28 December 2012

AEM Fuel Regulator

Finally installed my AEM fuel regulator after storage for 2 years ;p

This is my custom made fuel regulator with a metal diaphragm instead of a normal rubber type.  It is able to withstand more than 150psi of fuel pressure (I am running at 90 psi for better fuel atomization).

The standard fuel rail adapter for running after-market fuel regulator.

The AEM fuel regulator is able to withstand up to 120psi of fuel pressure and it bolts straight up to the fuel rail = neater and less chances of leaks.

These are three different sized orifices that came with the fuel regulator.  The rule for change the orifices: Bigger the orifice = less chances of fuel pressure spike (due to bigger fuel pump) but more sensitive in adjustment of fuel pressure (meaning harder to do minute adjustment)

Extracted from AEM installation manual:
 "A common problem that occurs when using a fixed orifice in a “universal” regulator is that the fuel pressure cannot be effectively controlled when the fuel pump volume is significantly higher than stock. In the case of too small of a discharge orifice, there is a large pressure spike associated with rapid deceleration because the orifice cannot flow enough fuel when the diaphragm is fully deflected to the open position. This causes a momentary rich condition, which may lead to a rough idle quality until the pressure stabilizes. Conversely if the discharge orifice is too large the adjustment is difficult because the response of the fuel flow out of the orifice is too rapid which makes the adjustment screw too sensitive. The AEM regulator is packaged with three orifice sizes, .100”, .150” and .200”."

Since I am using the in-tank version of the Bosch 044 fuel pump. I had changed the orifice to .150" size (it came installed with .100" size).

 The installation is quite straight forward. Bolts up just like a stock fuel regulator :)

28 October 2012

Rigid Muffler Ring

Got myself some Rigid Muffler Ring as replacement for the rubber type I was using.  It is suppose to reduce the vibration of the exhaust system giving it a better flow.

 Mid pipe
 End of mid pipe


To make life easier, spray some WD40 / Lubricant when removing and installing the muffler rings.

25 October 2012

EG6 Rear Disc Upgrade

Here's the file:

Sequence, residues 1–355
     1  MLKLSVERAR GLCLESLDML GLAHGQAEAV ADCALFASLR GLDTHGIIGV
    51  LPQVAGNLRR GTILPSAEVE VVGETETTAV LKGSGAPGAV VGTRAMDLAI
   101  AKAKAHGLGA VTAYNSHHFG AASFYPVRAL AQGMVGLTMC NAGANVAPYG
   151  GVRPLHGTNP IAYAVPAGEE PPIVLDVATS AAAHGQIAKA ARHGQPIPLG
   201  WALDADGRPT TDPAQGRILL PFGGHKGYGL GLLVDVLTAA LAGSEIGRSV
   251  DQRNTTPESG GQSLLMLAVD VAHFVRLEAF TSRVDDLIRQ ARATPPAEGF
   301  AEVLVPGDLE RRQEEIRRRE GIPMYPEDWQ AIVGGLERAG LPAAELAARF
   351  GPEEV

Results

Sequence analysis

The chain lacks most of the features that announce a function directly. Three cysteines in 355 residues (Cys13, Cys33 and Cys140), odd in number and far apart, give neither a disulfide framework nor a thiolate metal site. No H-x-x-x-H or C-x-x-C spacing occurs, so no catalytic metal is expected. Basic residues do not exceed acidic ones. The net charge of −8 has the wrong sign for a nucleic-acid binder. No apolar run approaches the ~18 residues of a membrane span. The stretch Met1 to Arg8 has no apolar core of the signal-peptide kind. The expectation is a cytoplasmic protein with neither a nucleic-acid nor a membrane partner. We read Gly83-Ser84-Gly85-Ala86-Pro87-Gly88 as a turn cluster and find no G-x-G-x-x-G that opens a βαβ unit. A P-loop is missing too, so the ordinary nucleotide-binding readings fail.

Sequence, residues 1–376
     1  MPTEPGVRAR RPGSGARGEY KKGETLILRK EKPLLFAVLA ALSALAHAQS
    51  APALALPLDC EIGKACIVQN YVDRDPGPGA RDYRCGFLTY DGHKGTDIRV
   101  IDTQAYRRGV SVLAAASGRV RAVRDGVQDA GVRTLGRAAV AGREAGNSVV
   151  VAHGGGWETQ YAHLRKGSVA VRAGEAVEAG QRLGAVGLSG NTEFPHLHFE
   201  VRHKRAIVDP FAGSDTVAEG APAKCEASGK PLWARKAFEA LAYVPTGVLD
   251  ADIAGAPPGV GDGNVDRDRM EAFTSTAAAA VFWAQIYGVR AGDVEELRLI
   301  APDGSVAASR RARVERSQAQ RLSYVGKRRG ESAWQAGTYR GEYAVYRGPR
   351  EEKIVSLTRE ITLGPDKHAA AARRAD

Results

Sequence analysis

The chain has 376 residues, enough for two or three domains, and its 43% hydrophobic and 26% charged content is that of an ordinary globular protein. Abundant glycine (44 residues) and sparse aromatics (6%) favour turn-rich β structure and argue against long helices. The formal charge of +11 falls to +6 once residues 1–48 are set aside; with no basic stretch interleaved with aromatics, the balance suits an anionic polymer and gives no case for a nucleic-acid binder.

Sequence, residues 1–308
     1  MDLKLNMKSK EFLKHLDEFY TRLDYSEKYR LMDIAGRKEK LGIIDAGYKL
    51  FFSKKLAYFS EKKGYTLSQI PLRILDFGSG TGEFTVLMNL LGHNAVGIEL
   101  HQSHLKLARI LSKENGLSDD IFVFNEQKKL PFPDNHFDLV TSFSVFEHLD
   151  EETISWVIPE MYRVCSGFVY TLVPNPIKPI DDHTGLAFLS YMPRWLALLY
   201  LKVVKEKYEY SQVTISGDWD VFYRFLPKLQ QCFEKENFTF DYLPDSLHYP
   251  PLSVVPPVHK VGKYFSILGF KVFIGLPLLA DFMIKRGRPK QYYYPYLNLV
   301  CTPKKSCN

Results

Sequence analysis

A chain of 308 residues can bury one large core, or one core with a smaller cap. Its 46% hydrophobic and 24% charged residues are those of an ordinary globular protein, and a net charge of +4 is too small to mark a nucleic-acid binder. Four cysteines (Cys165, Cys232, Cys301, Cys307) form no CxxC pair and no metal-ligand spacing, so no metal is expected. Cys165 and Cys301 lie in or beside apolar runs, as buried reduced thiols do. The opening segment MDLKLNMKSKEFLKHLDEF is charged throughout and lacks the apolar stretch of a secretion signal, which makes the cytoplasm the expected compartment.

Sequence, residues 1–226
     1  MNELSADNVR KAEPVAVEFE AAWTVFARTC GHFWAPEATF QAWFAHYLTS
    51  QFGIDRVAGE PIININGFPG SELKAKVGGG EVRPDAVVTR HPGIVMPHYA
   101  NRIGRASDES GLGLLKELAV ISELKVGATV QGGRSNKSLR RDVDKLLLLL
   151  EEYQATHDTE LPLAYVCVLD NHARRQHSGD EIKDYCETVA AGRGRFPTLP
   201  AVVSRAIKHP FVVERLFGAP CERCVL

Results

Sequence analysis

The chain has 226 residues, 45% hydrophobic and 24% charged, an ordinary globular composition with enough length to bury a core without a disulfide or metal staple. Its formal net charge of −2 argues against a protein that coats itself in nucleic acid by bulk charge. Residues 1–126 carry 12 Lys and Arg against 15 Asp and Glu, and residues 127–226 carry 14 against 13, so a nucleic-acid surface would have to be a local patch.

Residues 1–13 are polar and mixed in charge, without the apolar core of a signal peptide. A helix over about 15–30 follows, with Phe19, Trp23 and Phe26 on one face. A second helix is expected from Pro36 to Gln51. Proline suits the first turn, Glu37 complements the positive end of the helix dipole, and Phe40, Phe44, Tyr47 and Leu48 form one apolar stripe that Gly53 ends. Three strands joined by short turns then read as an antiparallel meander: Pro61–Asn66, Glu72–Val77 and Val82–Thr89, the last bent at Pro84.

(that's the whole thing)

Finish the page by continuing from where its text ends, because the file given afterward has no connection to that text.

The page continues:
My friend just scrapped his EG6 (COE is up, didnt make sense to pay $US56,000 to be allowed to drive for only another 10yrs..). So he passed his 282mm rear brake disc kit to me.
Stock Rear Disc
Upgraded rear disc

Comparison of the stock disc vs the upgrade disc

The brake disc seats well onto the rear hub.

 The kit came with a 'dog bone' to offset the rear stock caliper.

The issue I had is that after installing the 'dog bone' the bracket for the brake cable was in the way of the caliper.  This will not allow the caliper to move freely.  Had to grind down the bracket to make space for the caliper movement.

After that, everything bolts up nicely.

 I have yet to push hard on how it is going to affect the braking.  Personal thoughts is that after upgrading my front brakes to the spoon twin-block, I should upgrade the rear to match, but whether if this is too big a upgrade which may cause over-steer, I will have to find a chance to test it out.

So far for slightly harder than normal braking on the straight, the braking felt more controlled than before, there is less 'dipping' towards the front.  More "importantly", it looks better than have having the puny disc in the rear ;p

21 October 2012

Radiator - Mishimoto X-Line (Full size)

Got the Mishimoto X-Line radiator (DC2 radiator) as the replacement for my leaking Koyo R2028.  I could not get the R2028 as KOYO has cease production for the R series radiator for the DC2 and the replacement model are V series which are 36mm thick instead of the R series which are 53mm thick core.

Anyway, the package was great; the radiator was well protected in the soft foam enclosure.

 The weldings were alright.

Mishimotor has offset the top post of the radiator to prevent fitting issues.  On the koyo, the top post are welded in the centre of the radiator, which may cause fitting problems.

Mishimoto and Spal combo